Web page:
Figure3-13 shows 36% respondents did not see technology (connected 24/7 with jobs) as a major problem, however, 21% respondents thought it could be a problem in future due to 24/7 servicing. Approximately 45% respondents did not see negative attitude from supervisor as a constraint, however, 34% respondents thought it could be a problem in future due to increasing demands in the given time. 53 respondents did not find peer attitude towards them as negative however, 86 respondents thought it could be a problem in future due to increasing demands at work and with team in a given organizational setup. It was found that 67 respondents see attitude of supervisor as a potential constraint due to increasing demands at work and performance competitiveness. Negative attitude from the family was accepted by 57 respondents as not that major problem; however 43 found it was getting difficult to manage increased pressure and demands from the family side. Figure 3-13 Major Stressors to Work-Life Conflicts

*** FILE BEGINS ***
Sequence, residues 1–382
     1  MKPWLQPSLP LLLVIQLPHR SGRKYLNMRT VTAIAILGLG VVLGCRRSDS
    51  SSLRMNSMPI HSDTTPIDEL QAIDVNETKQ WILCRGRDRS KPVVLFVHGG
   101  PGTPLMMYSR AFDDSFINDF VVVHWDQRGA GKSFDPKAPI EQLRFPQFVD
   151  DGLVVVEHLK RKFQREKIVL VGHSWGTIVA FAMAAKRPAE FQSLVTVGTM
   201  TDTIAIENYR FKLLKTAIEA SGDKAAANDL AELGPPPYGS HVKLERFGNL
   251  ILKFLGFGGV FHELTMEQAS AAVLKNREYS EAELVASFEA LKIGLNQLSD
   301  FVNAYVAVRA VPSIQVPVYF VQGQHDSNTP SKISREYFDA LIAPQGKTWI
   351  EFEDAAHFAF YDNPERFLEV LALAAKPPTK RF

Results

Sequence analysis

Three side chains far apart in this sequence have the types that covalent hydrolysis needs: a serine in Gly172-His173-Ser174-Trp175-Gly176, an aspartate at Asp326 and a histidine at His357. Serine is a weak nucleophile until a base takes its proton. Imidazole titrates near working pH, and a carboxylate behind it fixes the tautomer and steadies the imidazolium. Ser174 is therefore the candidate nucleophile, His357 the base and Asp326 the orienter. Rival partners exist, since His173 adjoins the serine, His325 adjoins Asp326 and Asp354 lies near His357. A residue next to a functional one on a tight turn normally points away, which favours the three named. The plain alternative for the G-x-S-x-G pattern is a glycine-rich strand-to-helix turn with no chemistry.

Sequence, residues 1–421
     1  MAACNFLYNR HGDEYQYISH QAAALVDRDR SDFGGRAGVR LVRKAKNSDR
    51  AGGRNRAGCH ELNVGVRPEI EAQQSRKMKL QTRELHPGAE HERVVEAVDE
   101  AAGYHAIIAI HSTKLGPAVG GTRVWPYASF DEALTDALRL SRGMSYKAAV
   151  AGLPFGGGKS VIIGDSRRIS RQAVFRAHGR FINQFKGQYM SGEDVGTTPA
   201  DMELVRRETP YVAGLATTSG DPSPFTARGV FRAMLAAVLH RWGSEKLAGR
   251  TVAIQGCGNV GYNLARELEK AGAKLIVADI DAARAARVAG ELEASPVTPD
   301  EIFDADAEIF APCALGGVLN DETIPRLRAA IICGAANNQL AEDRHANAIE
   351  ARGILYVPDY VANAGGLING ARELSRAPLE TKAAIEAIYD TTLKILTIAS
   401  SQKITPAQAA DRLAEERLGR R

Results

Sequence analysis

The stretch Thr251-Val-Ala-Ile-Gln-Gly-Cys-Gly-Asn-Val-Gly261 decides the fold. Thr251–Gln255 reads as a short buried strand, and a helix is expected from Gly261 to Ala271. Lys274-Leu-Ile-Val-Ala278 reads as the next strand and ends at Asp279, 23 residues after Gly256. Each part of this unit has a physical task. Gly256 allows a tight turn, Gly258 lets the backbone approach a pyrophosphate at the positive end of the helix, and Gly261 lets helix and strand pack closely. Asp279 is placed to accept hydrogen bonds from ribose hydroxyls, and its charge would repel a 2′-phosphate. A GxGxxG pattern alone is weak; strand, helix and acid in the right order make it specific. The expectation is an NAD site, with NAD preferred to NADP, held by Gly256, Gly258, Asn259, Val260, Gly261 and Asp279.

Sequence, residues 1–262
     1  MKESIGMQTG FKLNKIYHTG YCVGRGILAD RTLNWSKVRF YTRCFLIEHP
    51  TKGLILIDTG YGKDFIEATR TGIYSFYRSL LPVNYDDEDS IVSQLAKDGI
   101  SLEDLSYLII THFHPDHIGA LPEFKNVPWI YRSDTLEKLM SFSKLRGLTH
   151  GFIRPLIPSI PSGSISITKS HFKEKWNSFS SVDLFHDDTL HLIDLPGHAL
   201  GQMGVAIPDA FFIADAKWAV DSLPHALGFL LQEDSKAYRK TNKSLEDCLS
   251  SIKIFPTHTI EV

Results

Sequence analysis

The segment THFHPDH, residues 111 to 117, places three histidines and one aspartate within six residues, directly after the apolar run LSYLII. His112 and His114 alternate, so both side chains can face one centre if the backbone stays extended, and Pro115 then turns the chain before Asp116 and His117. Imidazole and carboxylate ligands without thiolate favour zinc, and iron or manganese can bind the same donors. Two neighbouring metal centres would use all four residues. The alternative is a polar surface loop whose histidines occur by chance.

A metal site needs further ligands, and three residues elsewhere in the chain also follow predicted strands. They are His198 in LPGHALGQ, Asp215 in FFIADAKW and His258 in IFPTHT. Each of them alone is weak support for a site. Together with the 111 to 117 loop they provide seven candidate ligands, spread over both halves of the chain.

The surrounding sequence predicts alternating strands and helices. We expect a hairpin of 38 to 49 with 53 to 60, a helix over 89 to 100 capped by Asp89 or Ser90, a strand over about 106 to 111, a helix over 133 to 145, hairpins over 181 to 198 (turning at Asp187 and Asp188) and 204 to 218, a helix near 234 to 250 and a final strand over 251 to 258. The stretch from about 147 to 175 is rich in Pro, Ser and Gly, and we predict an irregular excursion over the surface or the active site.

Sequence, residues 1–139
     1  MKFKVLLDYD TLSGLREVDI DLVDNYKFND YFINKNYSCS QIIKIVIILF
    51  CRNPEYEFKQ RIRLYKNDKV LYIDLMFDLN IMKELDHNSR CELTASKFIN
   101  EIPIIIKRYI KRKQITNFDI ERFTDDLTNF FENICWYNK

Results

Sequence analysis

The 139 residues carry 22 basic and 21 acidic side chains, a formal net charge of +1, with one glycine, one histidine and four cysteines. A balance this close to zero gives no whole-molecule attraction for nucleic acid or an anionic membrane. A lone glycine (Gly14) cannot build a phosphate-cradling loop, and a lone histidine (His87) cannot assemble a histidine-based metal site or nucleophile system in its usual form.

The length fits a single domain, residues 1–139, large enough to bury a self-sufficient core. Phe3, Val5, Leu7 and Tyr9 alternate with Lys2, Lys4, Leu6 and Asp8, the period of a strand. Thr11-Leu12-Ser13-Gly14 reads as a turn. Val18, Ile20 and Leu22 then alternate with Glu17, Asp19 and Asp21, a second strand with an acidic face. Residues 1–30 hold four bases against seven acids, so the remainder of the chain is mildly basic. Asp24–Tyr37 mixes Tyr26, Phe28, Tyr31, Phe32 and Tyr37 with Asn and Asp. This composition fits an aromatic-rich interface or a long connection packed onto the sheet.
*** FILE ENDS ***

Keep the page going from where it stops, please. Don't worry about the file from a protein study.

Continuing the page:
Figure 3-13 highlights the areas that were seen and identified as causes of major stress in the respondents and were made the part of the survey. The respondents were asked
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to highlight their concerns regarding hours of work, traveling to and from work, self time and care, caring for adults, caring for children as stressors inhibiting a striking worklife balance. It was found that 82 respondents did not see hours of work as a major problem, however, 53 respondents thought it could be a problem in the future if not considered as a pressing work-life issue. 53% respondents did not see travel (commuting time) as a major problem; however, 40% respondents thought it could be a problem in the future.